April 19, 2018 Aztec Camera – High Land, Hard Rain Turns 35
Roddy Frame is definitely one of the finest and most proficient singers-songwriters in the ’80s/’90s Guitar Pop/New Wave world. Not only does he sing well and write beautiful songs; he has also wizard hands in weaving complex chords and ornate shapes with his guitar. His star shines up there alongside those of Johnny Marr of The Smiths, Paddy McAloon of Prefab Sprout, Stephen Duffy of The Lilac Time, and Glen Phillips of Toad the Wet Sprocket. Each of these modern troubadours has been prolific not only as the frontman of his respective band, but also as a solo artist.
Frame is the founder of Aztec Camera, which was formed in 1980, in East Kilbride, South Lanarkshire, Scotland. In the English band’s albeit relatively short existence—15 years—Frame, with his comrades, has released six studio albums – from 1983’s High Land, Hard Rain to 1995’s Frestonia. He embarked on a low-profile solo career immediately after the release of Aztec Camera’s last album, coming up with equally brilliant gems under his own name. However, anyone who is familiar with the style of Frame, as well as with his entire musical outputs under Aztec Camera and also on his own, will surely agree that the brilliance and splendor of his music sparkles the brightest in Aztec Camera’s very first full-length, which now celebrates 35 years.
Released on April 19, 1983, on Rough Trade/Sire Records, Aztec Camera’s High Land, Hard Rain was oozing with youthful vigor and jangly sheen. It opened with the cool, assured, and smooth swagger of “Oblivious,” which had straightaway highlighted Frame’s superb skill in song structuring and in combining melody and intricacy in playing the guitar. With the ensuing stomper “The Boy Wonders,” Frame and his fellow cameramen—Bernie Clark (piano, organ), Campbell Owens (bass), and Dave Ruffy (drums, percussion)—were able to prelude their brand of New Wave/Jangle Pop with strings and plucks of Scottish/Celtic music; something that even Morrissey had tried to emulate, albeit in faint traces, in his single “The Boy Racer.” Followed next was not only the album’s high point but also of Aztec Camera’s entire music – the breezy, melodramatic, and energetic “Walk Out to Winter,” which featured one of Frame’s most intricate guitar interludes. The Sophistipop mid-tempo “The Bugle Sounds Again” then relaxed the atmosphere, lullabying the listener with Frame’s serenade-style of singing and with the song’s swinging cadence and pulsating basslines.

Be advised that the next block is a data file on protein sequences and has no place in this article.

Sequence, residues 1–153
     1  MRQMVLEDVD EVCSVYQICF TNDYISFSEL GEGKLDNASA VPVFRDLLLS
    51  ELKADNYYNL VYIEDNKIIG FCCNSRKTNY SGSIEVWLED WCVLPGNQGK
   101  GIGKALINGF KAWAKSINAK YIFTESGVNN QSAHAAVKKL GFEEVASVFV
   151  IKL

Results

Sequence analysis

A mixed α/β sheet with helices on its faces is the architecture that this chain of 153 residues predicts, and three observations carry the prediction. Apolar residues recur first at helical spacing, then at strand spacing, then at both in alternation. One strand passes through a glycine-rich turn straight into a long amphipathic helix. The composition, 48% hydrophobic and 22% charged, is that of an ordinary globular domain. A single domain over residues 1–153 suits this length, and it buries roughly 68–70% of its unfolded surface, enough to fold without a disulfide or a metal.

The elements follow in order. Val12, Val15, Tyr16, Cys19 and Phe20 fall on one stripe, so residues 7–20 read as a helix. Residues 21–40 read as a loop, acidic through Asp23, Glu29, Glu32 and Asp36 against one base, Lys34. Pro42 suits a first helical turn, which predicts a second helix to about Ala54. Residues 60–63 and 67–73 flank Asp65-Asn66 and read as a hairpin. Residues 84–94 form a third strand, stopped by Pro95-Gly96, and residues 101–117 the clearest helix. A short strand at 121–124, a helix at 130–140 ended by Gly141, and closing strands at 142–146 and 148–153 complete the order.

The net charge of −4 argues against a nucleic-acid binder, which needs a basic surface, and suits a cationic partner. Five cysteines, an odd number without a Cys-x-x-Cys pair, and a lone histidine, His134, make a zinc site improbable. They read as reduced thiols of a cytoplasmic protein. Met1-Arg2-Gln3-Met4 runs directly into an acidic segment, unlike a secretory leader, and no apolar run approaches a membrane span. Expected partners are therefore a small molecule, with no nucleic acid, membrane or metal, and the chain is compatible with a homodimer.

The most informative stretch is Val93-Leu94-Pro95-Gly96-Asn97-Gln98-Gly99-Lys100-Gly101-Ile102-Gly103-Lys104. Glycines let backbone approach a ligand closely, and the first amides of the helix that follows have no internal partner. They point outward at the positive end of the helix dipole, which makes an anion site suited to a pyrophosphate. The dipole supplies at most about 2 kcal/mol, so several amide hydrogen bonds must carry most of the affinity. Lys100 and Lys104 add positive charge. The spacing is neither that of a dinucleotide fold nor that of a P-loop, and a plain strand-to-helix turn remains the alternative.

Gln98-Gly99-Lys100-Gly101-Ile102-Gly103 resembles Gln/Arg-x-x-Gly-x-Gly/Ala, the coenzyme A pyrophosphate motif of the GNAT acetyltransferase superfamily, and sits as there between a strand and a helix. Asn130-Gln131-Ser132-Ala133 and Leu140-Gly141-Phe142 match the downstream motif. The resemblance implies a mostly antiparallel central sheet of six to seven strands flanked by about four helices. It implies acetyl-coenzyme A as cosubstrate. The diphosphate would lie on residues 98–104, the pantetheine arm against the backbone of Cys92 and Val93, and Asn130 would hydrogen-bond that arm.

The melodrama continued with the slightly dark streak of “We Could Send Letters,” which epitomized Frame’s penchant for complicated strumming structures and unusual chord progressions and yet maintaining his songs’ Pop sensibilities. Aztec Camera then returned the listener to the overall cheery sonic theme of the album as they launched into the sunny, angular, and upbeat “Pillar to Post.”
“Release” was a delectably sweet change of phase and style – jazzy, Flamenco, Bossa Nova, loungy, sophisticated. Another trademark celebratory sound of Aztec Camera played next in the form of the dancey, marching New Wave Pop of “Lost Outside the Tunnel,” effectively animated by its restlessly cascading bass melodies, crisp guitar jangles, ghostly keyboard flourishes, eerie percussive elements, and Frame’s distinct nasal croons. The penultimate track, the Gospel-tinged “Back on Board,” toned down the ambience; Frame and comrades were certainly back on courting mode, foreshadowing a sense of sentimentality that would permeate in a more pronounced manner in Aztec Camera’s subsequent releases.
Finally, Frame wrapped up High Land, Hard Rain single-handedly, with the guitar-vocal beauty of the folky “Down the Dip,” which hinted on Frame’s future dalliances with acoustic-based, Folk-oriented music.
Of Aztec Camera’s six-album discography, High Land, Hard Rain remains the epitome of the band’s sunny, jangly, and upbeat music. After all, it was the firstborn and the one that catapulted the then very young Frame (only 19 years old at the time) to instant legendary status, earning for him and Aztec Camera a rightful place in the pantheon of other New Wave/Indie Pop greats that had a similar stylistic trajectory and, sadly, the same short-lived career, such as The Smiths (“This Charming Man”), Orange Juice (“I Can’t Help Myself”), and The Wild Swans (“Young Manhood”). While you await whatever the still active Frame is secretly concocting these days, revisit for the meantime the 35-year-old High Land, Hard Rain, which is definitely a picturesque postcard from a bygone but unforgettable era. Then, after this momentary delight on the backwards, move forwards from the crying scene as you craze your hair and shine your shoes, and kiss the kiss that you almost lost. For somewhere in your heart, the love for Aztec Camera is surely still on fire. All you need is….